How will you celebrate World Wi-Fi Day on Monday, June 20? You can double-, triple- or even quadruple-dip your celebrations since the date is also this year's summer solstice as well as National Ice Cream Soda Day and National Vanilla Milkshake Day.
Or, as the Wireless Broadband Alliance, organizer of the self-proclaimed holiday, explains, you can support its celebration of "the significant role WiFi is playing in getting cities and communities around the world connected."
The group, which includes Comcast, AT&T, Cisco and Google among its 70 corporate members, also is positioning Wi-Fi Day as a way to encourage "exciting and innovative solutions to help bridge the digital divide" in both urban and rural venues.
Clearly, wireless broadband -- in all its flavors -- is the future of telecom. That's not lost on operators and others who have put billions of dollars into wired infrastructure, which will remain (for most of our lifetimes) an integral part of the emerging ecosystem. But, coincidentally, on the eve of World Wi-Fi Day, a separate report bluntly attested to the insatiable appetite for wireless bandwidth.
A report this week from Huawei Technology Corp. and Forbes Insights underscored the broader demand for wireless connectivity. More than 1,000 global executives from various industries were interviewed for "The Mobile Industrial Revolution: Anticipating the Impact and Opportunities of 5G Networks on Business"report. Overwhelmingly they called broadband networks "critical" to the way they do business. They also voiced concern that their needs are outpacing existing access networks.
The report (self-serving, of course, for a wireless equipment maker) dramatized the looming impact of untethered broadband. It cited business executives' need for mobile networks that provide ultra-high throughput and the expectation that 5G technologies will have positive effects on multiple areas of their businesses, especially in customer experience, service/product quality and worker productivity.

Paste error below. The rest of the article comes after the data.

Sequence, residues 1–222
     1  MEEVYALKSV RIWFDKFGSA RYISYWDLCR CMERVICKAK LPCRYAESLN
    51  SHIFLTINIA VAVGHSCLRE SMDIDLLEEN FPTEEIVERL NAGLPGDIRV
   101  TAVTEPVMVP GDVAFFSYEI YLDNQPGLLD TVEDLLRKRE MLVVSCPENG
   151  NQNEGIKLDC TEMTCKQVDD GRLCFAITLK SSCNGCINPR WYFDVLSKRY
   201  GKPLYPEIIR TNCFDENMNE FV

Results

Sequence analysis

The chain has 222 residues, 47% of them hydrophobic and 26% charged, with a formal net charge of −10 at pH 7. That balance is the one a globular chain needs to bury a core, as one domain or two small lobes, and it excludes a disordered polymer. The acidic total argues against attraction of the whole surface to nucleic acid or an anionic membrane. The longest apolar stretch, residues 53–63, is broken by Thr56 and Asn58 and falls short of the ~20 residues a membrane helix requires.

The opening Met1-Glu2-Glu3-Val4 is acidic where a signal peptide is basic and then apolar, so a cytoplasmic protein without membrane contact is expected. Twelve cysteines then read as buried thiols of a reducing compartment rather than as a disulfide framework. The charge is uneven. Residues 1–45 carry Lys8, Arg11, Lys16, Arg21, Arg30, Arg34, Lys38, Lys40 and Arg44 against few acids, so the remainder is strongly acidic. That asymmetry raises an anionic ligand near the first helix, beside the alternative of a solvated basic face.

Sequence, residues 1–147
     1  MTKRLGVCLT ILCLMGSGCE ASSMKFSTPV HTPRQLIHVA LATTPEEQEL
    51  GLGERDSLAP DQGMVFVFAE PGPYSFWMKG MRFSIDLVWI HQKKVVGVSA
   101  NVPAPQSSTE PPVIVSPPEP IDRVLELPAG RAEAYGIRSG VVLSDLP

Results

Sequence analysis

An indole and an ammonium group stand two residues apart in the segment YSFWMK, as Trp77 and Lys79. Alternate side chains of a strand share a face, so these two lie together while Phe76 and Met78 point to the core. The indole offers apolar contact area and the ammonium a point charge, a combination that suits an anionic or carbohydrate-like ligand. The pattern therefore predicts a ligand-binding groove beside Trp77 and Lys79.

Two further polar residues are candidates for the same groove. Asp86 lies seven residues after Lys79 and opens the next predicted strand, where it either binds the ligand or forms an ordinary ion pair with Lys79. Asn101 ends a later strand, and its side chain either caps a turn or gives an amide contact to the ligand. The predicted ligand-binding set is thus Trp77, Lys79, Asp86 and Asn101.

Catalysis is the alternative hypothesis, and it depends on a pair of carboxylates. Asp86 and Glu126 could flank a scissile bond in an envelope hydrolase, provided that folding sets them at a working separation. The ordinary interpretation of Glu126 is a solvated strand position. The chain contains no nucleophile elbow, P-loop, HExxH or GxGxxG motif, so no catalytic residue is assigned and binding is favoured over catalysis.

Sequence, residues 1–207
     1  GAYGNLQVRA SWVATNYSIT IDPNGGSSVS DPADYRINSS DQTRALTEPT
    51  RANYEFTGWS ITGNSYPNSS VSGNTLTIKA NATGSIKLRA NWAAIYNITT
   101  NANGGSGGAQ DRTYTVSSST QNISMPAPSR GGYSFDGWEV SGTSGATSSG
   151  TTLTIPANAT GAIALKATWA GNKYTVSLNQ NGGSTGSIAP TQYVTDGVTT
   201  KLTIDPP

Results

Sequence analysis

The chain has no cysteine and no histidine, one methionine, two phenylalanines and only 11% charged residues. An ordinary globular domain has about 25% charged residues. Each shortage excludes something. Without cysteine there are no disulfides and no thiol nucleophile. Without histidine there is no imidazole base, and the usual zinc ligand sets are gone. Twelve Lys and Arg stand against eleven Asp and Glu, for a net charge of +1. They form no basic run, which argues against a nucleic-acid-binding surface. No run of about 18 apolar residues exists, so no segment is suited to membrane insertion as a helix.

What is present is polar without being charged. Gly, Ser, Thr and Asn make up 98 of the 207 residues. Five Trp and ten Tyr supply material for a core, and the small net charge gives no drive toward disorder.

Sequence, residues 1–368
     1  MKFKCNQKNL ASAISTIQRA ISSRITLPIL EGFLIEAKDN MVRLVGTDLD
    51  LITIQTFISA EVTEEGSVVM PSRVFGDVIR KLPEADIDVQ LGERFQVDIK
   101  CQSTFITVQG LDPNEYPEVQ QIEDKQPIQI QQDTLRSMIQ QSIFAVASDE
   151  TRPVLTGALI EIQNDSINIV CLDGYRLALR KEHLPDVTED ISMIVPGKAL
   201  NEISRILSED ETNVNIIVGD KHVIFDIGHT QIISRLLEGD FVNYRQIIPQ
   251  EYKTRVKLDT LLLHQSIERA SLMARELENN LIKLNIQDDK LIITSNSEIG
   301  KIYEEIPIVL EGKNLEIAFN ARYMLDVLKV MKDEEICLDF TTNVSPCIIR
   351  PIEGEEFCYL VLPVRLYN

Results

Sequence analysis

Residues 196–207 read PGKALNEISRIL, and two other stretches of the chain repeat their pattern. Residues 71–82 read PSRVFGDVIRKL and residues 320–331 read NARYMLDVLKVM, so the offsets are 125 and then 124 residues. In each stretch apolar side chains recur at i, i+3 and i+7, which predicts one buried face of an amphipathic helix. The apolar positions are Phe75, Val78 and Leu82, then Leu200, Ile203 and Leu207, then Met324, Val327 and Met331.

“5G will help to realize a completely new world for consumers, for vertical industries and for operators,” said Qiu Heng, president of Huawei's Wireless Network Marketing Operation. “This will be a fully connected world converging the physical world and the cyber world, and this world will provide infinite new business opportunities for vertical industries and for operators.”
Meanwhile, back on the World Wi-Fi Day front, J.R. Wilson, chairman of the Wireless Broadband Alliance, characterized the event as "a call to action for all stakeholders, [in both] industry and government, to advance and accelerate access to affordable wireless connectivity around the world."
Since the group's membership also includes cities such as New York and San Francisco and Palo Alto, Calif., -- along with Calgary, Alberta; New Delhi; Dublin; and a half dozen other local/regional governments -- the role of government in WiFi expansion may be foreboding.
WBA's vision for World Wi-Fi Day is focused on its "HOPE for Connectivity charter," which calls for funding WiFi deployments to unconnected communities globally, to provide affordable WiFi access for the communities in both rural and urban areas, and to "recognize the role of WiFi in addressing the digital divide."
In particular, WBA emphasized that it "is open to creative new ideas from supporters that recognize and celebrate the important role of WiFi in bridging the digital divide."
Although the implementation of such high-minded objectives remains uncertain, the value of wireless, including WiFi connectivity, should be atop the agendas of carriers and operators. It generally is there. Events and reports such as these emphasize the need to focus on wireless.
And if/when you get tired of celebrating World Wi-Fi Day on June 20, you can choose from several additional "holidays" designated for that day, including Plain Yogurt Day, World Humanist Day, Juggling Day and, of most significance to our colleague Leslie Ellis, International Surfing Day.
Celebrate responsibly. And digitally.